Autumn color is a favorite part of the season. The changing and falling of leaves is also very important to tree survival. The same processes that lead to fall color also enable the dying leaves to return valuable nutrients to the tree.
As leaves fall and decompose over time, nature’s ‘recycling’ begins. In fact, more than half the nitrogen, phosphorus and potassium that leaves contain return to the tree. Appreciable amounts of magnesium and carbohydrates (sugars) are similarly reclaimed. Only calcium is lost in large quantity when the leaves drop. These processes keep trees alive and growing. The spectacular autumn foliage display is actually just a byproduct.
Dull Autumn Color
Some years the colors of fall are simply awe-inspiring. At other times, just ho-hum. So what gives? What makes autumn color so variable? It all starts with a good spring growing season. When this is followed by sunny days and mild drought, leaf colors turn brilliantly red and yellow. However, the precise combination of environmental factors required for spectacular foliage does not always occur. Depending on the growing and weather conditions, autumn trees can range from dramatic to dreary and anywhere in between. It will also vary from one geographic location to another.
Many factors impact autumn’s foliage. Extreme drought and early frosts can injure or kill foliage before the peak of color. Excessive autumn rainfall will slow chlorophyll loss and prolongs leaf retention. In this case, the leaves often succumbs to frost before color even has a chance to develop. Further, cloudy periods also alter the season’s hues, reducing the amount of sugars produced. Prevailing warm night temperatures (above 45°F) increase sugar movement out of the leaves.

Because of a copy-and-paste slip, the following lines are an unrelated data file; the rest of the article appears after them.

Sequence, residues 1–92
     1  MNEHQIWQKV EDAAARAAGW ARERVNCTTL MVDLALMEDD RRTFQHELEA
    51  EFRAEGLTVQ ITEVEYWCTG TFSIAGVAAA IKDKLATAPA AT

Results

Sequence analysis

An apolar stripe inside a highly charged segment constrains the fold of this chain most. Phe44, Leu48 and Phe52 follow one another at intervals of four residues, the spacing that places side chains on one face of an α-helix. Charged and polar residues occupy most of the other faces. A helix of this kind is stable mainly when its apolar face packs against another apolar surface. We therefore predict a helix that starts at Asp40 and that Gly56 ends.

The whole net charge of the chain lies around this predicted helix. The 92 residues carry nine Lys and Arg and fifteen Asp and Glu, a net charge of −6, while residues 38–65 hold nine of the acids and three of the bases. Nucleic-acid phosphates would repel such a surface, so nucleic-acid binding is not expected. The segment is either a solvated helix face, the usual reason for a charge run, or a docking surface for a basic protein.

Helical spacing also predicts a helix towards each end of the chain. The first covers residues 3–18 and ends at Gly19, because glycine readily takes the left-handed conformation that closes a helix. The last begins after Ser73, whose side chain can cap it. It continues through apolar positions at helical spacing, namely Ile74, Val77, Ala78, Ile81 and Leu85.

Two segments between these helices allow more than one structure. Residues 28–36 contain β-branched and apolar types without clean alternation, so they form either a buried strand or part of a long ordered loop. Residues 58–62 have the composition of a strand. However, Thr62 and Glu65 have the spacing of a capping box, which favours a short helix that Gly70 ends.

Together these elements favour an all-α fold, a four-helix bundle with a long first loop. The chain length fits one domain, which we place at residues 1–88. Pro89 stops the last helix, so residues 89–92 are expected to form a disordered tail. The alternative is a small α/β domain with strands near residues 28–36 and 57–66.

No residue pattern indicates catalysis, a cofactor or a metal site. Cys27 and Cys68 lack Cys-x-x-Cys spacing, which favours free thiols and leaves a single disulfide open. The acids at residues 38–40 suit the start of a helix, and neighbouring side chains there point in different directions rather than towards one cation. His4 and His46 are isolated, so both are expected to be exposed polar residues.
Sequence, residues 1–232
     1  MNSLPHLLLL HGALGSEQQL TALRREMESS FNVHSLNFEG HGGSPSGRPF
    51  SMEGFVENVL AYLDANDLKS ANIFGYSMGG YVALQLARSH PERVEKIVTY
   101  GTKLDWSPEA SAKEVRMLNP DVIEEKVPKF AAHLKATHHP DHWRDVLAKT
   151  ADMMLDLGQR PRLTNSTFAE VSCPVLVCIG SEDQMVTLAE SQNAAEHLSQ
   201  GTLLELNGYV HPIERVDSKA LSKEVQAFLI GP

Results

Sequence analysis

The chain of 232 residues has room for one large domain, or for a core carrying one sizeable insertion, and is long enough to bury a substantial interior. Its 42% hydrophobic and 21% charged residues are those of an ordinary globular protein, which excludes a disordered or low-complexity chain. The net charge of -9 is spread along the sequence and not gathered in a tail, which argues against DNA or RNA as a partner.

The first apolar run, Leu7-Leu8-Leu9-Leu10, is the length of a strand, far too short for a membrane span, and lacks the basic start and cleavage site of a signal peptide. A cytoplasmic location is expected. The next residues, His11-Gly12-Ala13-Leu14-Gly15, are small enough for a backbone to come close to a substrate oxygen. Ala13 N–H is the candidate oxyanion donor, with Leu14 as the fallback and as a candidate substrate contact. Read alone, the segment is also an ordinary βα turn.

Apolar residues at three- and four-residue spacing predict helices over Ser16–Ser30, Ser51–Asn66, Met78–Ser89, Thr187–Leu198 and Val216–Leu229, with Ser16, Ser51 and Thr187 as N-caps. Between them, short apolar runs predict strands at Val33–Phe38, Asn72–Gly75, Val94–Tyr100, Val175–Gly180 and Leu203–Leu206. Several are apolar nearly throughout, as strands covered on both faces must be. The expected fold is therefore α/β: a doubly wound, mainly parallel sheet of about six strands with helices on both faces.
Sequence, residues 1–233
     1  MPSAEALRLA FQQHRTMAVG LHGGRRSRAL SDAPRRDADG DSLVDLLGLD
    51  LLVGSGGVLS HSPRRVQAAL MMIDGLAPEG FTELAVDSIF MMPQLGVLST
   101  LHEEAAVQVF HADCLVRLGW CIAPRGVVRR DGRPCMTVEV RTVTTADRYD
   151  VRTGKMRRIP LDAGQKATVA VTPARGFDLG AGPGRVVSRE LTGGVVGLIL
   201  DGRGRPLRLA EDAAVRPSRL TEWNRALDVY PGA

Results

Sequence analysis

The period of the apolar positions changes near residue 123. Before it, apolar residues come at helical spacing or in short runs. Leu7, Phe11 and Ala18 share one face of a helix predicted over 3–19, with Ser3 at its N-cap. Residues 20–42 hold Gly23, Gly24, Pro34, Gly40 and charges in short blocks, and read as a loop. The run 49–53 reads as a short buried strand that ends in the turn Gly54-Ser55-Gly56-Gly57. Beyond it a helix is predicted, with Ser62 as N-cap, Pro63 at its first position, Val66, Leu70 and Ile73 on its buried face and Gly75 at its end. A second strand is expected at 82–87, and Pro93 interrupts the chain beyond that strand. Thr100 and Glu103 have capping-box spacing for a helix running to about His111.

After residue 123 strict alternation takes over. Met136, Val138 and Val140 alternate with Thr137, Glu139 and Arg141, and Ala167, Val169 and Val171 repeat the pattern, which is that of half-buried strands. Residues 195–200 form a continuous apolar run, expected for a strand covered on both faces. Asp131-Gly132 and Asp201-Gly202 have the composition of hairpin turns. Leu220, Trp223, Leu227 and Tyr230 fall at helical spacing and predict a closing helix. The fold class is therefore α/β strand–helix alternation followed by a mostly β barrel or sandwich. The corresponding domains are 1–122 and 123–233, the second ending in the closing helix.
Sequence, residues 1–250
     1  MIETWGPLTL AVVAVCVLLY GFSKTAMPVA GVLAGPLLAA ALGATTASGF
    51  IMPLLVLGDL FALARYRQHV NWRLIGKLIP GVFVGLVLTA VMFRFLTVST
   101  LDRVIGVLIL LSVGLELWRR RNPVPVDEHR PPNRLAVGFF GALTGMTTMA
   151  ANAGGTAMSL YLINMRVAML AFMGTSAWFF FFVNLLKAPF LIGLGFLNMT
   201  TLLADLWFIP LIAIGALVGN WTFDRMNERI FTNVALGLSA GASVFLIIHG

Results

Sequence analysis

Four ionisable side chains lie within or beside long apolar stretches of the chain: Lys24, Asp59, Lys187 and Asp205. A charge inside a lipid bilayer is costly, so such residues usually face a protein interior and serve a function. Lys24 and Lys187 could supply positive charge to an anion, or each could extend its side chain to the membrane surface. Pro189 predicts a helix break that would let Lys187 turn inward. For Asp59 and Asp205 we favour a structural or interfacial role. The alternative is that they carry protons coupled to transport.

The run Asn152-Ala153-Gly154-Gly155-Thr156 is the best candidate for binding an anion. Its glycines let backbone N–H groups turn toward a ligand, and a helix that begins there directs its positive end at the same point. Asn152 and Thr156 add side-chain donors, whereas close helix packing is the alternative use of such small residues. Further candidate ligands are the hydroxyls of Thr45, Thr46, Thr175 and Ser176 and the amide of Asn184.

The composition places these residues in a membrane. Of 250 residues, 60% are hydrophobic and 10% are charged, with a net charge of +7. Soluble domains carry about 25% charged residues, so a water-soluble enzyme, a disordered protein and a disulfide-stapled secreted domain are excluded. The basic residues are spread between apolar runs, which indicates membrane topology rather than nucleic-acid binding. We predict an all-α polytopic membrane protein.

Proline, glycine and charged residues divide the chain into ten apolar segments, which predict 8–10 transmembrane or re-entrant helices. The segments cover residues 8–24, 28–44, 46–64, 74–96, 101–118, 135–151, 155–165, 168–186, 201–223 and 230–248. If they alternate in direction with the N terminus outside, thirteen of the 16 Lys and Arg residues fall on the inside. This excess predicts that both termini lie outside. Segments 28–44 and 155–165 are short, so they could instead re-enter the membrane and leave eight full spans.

With all the possible variable outcomes, it is a truly a wonder that nature puts on such an amazing show for us!
There is obviously an annual cycle of color change. However, the early appearance of fall color is frequently an indication that a tree is undergoing stress. Root damage from construction activity, excessive or deficient moisture, insect or disease attack, salt accumulation in the root zone, girdling roots and other factors are common tree stressors.
Watch these trees closely for signs of insects and disease. Providing optimal growing conditions can also help aid in recover for stressed trees. Proper irrigation and a layer of organic mulch are a great start. Build on this foundation by maintaining soil fertility with slow release fertilizers and ensuring adequate organic matter is present.